Vincent Chen


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Learning to Rank Visual Stories From Human Ranking Data
Chi-Yang Hsu | Yun-Wei Chu | Vincent Chen | Kuan-Chieh Lo | Chacha Chen | Ting-Hao Huang | Lun-Wei Ku
Proceedings of the 60th Annual Meeting of the Association for Computational Linguistics (Volume 1: Long Papers)

Visual storytelling (VIST) is a typical vision and language task that has seen extensive development in the natural language generation research domain. However, it remains unclear whether conventional automatic evaluation metrics for text generation are applicable on VIST. In this paper, we present the VHED (VIST Human Evaluation Data) dataset, which first re-purposes human evaluation results for automatic evaluation; hence we develop Vrank (VIST Ranker), a novel reference-free VIST metric for story evaluation. We first show that the results from commonly adopted automatic metrics for text generation have little correlation with those obtained from human evaluation, which motivates us to directly utilize human evaluation results to learn the automatic evaluation model. In the experiments, we evaluate the generated texts to predict story ranks using our model as well as other reference-based and reference-free metrics. Results show that Vrank prediction is significantly more aligned to human evaluation than other metrics with almost 30% higher accuracy when ranking story pairs. Moreover, we demonstrate that only Vrank shows human-like behavior in its strong ability to find better stories when the quality gap between two stories is high. Finally, we show the superiority of Vrank by its generalizability to pure textual stories, and conclude that this reuse of human evaluation results puts Vrank in a strong position for continued future advances.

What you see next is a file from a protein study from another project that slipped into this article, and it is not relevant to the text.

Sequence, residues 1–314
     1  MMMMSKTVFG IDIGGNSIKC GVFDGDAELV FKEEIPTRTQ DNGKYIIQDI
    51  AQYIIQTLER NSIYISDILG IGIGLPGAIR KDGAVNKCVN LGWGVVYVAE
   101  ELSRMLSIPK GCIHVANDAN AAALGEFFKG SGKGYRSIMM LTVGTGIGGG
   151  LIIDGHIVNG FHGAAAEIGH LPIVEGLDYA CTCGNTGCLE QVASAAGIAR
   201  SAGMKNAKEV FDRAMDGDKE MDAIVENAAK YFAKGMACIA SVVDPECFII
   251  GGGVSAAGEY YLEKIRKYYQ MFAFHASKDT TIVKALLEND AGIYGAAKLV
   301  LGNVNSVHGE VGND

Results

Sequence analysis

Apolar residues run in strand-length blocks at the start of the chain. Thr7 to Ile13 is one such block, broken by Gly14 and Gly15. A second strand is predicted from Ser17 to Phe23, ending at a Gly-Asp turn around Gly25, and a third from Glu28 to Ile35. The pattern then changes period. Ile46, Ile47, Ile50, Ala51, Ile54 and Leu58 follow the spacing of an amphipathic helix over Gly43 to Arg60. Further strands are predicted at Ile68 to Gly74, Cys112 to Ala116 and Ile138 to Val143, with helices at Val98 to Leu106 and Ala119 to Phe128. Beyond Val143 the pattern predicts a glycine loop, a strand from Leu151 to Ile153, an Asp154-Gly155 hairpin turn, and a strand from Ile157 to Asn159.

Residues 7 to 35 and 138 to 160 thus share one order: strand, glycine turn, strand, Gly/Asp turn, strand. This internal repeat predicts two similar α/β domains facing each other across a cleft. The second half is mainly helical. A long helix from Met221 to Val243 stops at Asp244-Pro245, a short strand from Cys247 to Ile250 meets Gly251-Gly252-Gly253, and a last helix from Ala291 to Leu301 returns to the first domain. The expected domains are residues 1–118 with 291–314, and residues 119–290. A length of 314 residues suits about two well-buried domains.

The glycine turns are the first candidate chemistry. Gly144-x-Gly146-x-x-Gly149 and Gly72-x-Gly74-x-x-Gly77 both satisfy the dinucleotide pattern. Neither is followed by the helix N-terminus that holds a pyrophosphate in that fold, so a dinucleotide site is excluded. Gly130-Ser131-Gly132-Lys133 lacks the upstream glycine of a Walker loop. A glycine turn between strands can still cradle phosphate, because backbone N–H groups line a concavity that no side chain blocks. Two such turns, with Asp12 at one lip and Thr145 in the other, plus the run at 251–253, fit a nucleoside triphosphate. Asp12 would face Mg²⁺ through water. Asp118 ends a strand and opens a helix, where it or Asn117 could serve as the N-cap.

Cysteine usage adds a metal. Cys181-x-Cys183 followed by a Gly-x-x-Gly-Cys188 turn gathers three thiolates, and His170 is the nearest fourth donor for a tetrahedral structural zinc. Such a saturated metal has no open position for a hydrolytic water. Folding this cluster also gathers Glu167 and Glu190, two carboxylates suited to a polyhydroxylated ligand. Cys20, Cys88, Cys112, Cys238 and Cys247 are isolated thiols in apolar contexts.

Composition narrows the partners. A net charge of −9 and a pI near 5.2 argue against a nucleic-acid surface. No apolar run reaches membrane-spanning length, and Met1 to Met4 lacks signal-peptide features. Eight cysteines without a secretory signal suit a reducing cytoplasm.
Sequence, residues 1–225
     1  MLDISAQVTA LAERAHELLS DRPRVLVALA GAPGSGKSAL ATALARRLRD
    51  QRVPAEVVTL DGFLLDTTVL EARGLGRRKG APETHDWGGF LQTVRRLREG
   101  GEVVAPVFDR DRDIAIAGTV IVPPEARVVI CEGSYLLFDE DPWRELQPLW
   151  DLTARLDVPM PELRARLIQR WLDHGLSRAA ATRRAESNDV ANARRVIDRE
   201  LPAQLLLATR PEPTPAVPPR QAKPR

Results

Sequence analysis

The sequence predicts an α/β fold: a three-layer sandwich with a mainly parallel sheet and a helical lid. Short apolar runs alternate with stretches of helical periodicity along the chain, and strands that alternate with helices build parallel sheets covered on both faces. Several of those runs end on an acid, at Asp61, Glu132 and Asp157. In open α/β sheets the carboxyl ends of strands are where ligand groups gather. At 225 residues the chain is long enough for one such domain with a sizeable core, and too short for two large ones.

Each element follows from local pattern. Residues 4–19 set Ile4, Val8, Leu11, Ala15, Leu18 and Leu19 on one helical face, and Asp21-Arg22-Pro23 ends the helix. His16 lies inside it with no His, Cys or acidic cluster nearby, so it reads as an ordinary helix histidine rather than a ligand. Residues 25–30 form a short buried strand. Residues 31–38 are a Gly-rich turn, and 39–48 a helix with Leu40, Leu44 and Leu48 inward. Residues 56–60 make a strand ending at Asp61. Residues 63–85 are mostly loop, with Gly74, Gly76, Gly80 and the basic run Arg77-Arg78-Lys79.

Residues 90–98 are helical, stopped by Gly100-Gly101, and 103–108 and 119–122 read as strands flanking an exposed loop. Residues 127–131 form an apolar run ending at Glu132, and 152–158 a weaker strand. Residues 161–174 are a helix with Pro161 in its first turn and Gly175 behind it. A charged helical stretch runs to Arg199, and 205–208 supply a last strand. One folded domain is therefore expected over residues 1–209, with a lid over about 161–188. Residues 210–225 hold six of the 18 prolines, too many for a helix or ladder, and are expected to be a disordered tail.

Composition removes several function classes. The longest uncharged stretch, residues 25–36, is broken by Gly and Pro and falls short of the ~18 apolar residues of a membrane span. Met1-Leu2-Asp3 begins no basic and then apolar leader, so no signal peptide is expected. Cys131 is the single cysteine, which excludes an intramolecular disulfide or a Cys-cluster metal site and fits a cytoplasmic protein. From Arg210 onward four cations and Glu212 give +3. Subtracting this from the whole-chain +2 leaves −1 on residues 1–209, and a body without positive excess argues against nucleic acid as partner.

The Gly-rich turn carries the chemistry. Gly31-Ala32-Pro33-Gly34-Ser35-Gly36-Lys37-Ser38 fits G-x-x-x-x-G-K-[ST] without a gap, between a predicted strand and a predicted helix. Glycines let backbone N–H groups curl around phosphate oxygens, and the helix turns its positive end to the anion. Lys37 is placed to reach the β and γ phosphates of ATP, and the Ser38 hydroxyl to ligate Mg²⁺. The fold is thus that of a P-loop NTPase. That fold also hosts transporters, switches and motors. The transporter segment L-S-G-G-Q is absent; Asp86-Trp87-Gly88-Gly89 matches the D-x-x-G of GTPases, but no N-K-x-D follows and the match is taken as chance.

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Multi-VQG: Generating Engaging Questions for Multiple Images
Min-Hsuan Yeh | Vincent Chen | Ting-Hao Huang | Lun-Wei Ku
Proceedings of the 2022 Conference on Empirical Methods in Natural Language Processing

Generating engaging content has drawn much recent attention in the NLP community. Asking questions is a natural way to respond to photos and promote awareness. However, most answers to questions in traditional question-answering (QA) datasets are factoids, which reduce individuals’ willingness to answer. Furthermore, traditional visual question generation (VQG) confines the source data for question generation to single images, resulting in a limited ability to comprehend time-series information of the underlying event. In this paper, we propose generating engaging questions from multiple images. We present MVQG, a new dataset, and establish a series of baselines, including both end-to-end and dual-stage architectures. Results show that building stories behind the image sequence enables models togenerate engaging questions, which confirms our assumption that people typically construct a picture of the event in their minds before asking questions. These results open up an exciting challenge for visual-and-language models to implicitly construct a story behind a series of photos to allow for creativity and experience sharing and hence draw attention to downstream applications.